Since the 2023 municipal race elected a new mayor and 13 new aldermen to lead Chicago, the city’s political winds have shifted. The main issues facing these new officials—crime and public safety, education, housing, and transportation—continue to occupy the forefront of their political agendas as the overall landscape moves further in the progressive direction.
The Key Players
Brandon Johnson, Mayor
Johnson was elected to serve as the 57th mayor of Chicago in April 2023, succeeding then mayor Lori Lightfoot. He previously represented the First District on the Cook County Board of Commissioners. Johnson is also a former Chicago Public Schools teacher and Chicago Teachers Union organizer.
Johnson’s campaign was widely considered the progressive option in the runoff elections against Paul Vallas, focusing largely on public school funding, affordable housing, green jobs, and access to mental health support. Johnson has already made his presence known by appearing at public events such as the back-to-school rally for Chicago Public Schools, Lollapalooza, Sueños Music Festival, and the Bud Billiken Day Parade, the largest Black parade in the United States.
While Johnson’s outward optimism has been met with open arms by Chicago communities, critics are starting to talk about his lack of tangible progress so far. On the legislative front, Johnson some of the 100-day promises he made on the campaign trail, including the reopening of mental health clinics and the affordable housing program Bring Chicago Home.
Chicago’s City Council consists of 50 aldermen who are responsible for writing and implementing city ordinances and representing the interests of their ward residents. The University of Chicago and its surrounding neighborhoods are spread across Chicago’s Fourth, Fifth, and 20th Wards.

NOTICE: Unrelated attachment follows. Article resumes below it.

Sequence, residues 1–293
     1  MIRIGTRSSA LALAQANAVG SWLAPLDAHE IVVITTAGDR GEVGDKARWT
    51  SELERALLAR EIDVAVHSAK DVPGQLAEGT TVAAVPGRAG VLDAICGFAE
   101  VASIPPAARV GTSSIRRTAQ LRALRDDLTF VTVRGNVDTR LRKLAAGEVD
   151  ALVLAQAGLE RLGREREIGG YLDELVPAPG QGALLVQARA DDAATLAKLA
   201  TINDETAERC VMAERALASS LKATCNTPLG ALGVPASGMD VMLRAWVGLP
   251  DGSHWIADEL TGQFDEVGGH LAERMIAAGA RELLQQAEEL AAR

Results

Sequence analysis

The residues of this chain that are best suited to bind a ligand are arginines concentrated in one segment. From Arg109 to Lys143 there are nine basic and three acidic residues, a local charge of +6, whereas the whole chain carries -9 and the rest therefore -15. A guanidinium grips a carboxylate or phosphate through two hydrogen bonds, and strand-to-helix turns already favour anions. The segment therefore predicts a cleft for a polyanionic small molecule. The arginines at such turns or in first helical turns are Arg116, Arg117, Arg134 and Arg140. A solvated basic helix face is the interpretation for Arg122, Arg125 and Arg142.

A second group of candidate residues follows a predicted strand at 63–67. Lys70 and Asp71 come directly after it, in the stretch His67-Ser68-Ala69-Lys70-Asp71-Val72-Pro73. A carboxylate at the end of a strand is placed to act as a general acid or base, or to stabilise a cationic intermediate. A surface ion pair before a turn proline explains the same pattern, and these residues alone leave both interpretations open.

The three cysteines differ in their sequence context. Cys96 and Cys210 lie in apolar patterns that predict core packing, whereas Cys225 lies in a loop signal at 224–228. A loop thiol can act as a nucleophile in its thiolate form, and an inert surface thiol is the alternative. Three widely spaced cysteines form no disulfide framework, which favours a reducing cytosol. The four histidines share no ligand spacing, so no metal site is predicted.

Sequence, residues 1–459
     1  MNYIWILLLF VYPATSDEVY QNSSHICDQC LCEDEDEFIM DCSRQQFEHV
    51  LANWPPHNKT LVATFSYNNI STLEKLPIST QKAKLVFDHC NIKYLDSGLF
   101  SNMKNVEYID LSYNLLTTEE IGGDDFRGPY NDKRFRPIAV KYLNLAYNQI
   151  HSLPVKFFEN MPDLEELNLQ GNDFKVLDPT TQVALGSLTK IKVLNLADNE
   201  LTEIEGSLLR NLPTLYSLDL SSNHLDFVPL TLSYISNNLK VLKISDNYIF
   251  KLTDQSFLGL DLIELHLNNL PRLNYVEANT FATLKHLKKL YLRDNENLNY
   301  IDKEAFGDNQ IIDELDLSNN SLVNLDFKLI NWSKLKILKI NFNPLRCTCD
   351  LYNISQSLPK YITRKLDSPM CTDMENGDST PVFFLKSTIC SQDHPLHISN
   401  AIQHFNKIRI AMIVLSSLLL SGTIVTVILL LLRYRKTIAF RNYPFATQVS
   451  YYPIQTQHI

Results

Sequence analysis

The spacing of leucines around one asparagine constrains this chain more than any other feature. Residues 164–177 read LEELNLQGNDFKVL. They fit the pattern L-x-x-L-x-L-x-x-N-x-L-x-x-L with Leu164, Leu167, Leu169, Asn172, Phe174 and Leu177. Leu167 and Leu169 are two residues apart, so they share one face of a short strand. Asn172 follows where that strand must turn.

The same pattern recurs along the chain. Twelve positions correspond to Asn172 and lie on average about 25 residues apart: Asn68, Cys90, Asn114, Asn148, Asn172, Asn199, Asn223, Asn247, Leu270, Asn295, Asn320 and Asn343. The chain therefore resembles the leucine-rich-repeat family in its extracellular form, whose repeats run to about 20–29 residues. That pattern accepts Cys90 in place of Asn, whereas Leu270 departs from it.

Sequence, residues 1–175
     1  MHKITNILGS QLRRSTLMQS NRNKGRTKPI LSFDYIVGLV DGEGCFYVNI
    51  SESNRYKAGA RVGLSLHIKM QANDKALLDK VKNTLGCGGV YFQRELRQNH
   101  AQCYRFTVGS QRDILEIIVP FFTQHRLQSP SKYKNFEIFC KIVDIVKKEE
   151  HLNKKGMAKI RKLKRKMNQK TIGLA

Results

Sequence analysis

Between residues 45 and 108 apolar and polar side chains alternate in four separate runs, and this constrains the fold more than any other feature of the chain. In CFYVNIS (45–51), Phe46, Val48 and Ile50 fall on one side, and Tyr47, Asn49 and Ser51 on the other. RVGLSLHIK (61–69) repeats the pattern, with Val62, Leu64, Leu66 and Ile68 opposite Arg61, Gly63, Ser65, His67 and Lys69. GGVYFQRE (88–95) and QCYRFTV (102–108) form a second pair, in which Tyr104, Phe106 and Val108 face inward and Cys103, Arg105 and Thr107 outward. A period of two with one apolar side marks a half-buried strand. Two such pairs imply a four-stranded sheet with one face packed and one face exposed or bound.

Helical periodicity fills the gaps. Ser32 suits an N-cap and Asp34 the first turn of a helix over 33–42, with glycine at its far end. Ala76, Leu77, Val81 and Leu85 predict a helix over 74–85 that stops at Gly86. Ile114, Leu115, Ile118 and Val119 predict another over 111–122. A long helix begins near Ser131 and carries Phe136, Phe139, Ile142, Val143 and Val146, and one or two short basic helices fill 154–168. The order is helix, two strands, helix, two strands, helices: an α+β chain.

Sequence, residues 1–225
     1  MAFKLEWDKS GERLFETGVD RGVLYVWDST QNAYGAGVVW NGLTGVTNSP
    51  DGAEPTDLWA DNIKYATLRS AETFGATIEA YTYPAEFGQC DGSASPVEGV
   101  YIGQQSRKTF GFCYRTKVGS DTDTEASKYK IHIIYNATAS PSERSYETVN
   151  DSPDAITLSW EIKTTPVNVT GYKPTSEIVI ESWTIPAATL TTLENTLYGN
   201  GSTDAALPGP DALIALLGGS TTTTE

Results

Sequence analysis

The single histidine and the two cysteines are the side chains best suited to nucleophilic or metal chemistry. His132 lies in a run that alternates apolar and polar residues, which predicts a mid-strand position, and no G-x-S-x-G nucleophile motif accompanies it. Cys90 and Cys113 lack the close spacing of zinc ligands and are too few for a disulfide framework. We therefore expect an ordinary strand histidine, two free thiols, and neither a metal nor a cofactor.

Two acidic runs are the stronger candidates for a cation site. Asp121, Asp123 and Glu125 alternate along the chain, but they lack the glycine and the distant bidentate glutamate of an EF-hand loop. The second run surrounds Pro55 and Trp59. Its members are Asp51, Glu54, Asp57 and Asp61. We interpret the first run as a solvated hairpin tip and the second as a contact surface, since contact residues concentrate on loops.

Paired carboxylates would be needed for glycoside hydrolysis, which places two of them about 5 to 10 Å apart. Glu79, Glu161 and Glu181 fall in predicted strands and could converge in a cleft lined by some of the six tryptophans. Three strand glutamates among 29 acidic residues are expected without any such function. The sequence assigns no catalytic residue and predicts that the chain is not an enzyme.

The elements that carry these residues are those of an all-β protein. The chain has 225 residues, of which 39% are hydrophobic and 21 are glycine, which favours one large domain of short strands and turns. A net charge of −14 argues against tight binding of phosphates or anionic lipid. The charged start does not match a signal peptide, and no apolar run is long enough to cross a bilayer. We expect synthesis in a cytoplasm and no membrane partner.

Lamont Robinson, Fourth Ward
Robinson was elected alderman of the Fourth Ward, which includes the area of Hyde Park north of campus. He defeated former alderman Sophia King’s longtime chief of staff Prentice Butler in the April 4 runoff this year. Robinson was a former state representative in the Illinois General Assembly and made history as the first openly gay Black member of the Illinois House. During his time as a state legislator, Robinson helped increase access to jobs, housing, and other resources for the LGBTQ+ community. Now, he plans to address public safety, increase economic development, make education in the Fourth Ward more equitable, and meet demands for more affordable housing.
Desmon Yancy, Fifth Ward
Yancy was elected alderman of the Fifth Ward, which encompasses the majority of the University campus, earlier this year, replacing retired alderman Leslie Hairston. Yancy is a labor and community organizer who previously served as the director of organizing and advocacy for the Inner-City Muslim Action Network. Yancy, who was endorsed by Hairston, hopes to bring greater economic development to all areas of the Fifth Ward, which has already been kickstarted by the new Obama Presidential Center being built in Jackson Park. On the city council, Yancy serves as vice chair of the Committee on Public Safety, where much of his work focuses on supporting the new Community Commission for Public Safety and Accountability.
Jeanette Taylor, 20th Ward